Banksy Art Shreds Itself NPR's Lulu Garcia-Navarro talks with art critic Jerry Saltz of New York magazine about the surprise self-destruction of one of the artist Banksy's paintings at a London auction.
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Banksy Art Shreds Itself

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Banksy Art Shreds Itself

Banksy Art Shreds Itself

Banksy Art Shreds Itself

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NPR's Lulu Garcia-Navarro talks with art critic Jerry Saltz of New York magazine about the surprise self-destruction of one of the artist Banksy's paintings at a London auction.

LULU GARCIA-NAVARRO, HOST:

And some news from the art world now. The secretive artist Banksy is known for the political street art he paints in cities around the world. On Friday night, one of his paintings of a small girl and a heart-shaped red balloon just out of reach went to auction at Sotheby's in London and sold for almost $1.4 million. But the room and, presumably, the painting's anonymous buyer were in for a surprise. I asked New York magazine's art critic Jerry Saltz to explain.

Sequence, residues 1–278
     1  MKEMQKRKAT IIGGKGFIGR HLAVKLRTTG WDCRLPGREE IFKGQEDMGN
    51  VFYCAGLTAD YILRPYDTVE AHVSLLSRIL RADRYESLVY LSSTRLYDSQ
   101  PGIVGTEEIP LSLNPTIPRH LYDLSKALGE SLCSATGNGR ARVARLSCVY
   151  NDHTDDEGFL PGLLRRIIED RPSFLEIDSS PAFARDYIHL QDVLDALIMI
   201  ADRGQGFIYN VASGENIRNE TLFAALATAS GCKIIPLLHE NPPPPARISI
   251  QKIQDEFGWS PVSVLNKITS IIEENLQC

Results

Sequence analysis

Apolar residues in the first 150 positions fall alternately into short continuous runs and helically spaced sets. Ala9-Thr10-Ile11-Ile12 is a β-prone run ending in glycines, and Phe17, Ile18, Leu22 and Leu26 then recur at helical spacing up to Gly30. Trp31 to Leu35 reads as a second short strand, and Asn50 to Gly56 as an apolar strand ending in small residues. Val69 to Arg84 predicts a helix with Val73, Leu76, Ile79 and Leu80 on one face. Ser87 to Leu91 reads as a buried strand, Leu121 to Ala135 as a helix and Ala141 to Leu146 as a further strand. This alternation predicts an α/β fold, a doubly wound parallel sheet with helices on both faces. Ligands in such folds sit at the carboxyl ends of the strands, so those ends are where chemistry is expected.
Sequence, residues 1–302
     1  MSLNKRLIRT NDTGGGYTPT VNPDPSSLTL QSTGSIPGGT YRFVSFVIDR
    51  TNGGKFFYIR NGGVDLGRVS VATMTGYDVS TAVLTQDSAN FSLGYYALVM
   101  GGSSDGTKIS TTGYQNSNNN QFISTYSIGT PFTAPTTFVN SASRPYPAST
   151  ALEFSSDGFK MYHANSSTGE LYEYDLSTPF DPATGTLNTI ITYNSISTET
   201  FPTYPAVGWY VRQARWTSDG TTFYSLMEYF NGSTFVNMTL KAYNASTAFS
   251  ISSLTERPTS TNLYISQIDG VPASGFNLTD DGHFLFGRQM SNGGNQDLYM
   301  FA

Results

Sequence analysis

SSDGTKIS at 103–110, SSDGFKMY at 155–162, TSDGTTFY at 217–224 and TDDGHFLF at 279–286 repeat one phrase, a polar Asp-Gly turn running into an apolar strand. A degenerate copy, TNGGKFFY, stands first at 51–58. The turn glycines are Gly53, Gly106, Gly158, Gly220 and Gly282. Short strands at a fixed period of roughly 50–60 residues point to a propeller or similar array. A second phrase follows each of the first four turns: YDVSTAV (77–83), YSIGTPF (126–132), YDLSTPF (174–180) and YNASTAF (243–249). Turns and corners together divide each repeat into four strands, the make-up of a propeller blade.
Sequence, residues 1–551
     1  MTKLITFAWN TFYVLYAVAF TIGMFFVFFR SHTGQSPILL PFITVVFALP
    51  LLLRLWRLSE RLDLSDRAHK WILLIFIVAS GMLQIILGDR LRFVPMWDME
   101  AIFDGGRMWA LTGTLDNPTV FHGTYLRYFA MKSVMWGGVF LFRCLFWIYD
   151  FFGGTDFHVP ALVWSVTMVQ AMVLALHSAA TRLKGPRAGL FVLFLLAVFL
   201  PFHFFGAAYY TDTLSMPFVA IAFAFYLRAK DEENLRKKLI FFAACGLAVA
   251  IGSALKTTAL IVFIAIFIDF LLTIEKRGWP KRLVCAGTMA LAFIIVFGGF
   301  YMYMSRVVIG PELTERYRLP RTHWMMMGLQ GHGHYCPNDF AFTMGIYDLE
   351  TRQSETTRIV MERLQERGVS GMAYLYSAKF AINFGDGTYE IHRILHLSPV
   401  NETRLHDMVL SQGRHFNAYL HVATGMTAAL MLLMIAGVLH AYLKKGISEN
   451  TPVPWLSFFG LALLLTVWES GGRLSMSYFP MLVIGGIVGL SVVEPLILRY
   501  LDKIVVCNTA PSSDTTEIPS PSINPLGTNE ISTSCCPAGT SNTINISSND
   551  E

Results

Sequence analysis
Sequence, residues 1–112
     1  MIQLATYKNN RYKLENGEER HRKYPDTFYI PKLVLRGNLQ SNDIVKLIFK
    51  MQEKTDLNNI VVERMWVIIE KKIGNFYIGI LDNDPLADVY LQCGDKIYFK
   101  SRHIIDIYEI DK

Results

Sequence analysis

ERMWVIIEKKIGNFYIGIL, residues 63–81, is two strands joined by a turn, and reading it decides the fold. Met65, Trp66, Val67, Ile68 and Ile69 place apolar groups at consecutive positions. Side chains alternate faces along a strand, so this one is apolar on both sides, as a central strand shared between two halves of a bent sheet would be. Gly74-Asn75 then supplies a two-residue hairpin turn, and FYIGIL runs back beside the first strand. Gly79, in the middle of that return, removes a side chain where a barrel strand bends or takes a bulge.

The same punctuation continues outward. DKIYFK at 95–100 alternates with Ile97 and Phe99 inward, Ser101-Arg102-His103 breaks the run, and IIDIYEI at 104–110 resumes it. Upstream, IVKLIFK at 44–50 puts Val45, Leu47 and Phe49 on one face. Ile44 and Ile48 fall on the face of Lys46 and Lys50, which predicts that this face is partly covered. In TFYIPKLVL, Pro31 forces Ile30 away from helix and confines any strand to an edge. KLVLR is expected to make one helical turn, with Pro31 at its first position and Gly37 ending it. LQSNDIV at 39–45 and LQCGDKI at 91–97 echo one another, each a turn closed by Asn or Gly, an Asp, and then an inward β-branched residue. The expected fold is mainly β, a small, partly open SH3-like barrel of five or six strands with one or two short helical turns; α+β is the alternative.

JERRY SALTZ: As it was being sold, and the hammer went down over $1 million, suddenly, it started to rumble and buzz, and the canvas sort of disappeared down into the frame and came out beneath it shredded. It was fantastic.

GARCIA-NAVARRO: What was the reaction?

SALTZ: Well, I think people were horrified, amazed, shocked. The market is such a kind of dumb organism. People in the market buy what other people in the market buy. And suddenly, one of the things they are buying changed. So he pranked them. Maybe it is only a prank, but, God, it felt good.

GARCIA-NAVARRO: Do we know if Sotheby's had an idea that this was going to happen and, of course, the person who spent quite a bit of money on the artwork?

SALTZ: I don't know. The shock of it is part of what makes it good. But I like that, somehow, an artist - an artist that I don't necessarily like - really was able to disrupt the system, if only for a minute.

GARCIA-NAVARRO: I know you don't like the idea of the market and how influential it is on artists' work. But will this work now be even more valuable, even shredded, because it has garnered so much attention?

SALTZ: Well, that's the insidious thing about it, isn't it? - that the market, as I say, only buys what other people in the market have bought. So now everyone will want a shredded Banksy.

GARCIA-NAVARRO: Pulitzer Prize-winning writer Jerry Saltz from New York magazine, thank you very much.

SALTZ: Pleasure.

(SOUNDBITE OF ANTI-LILLY AND PHONIKS SONG, "LOOSE PRAYERS")

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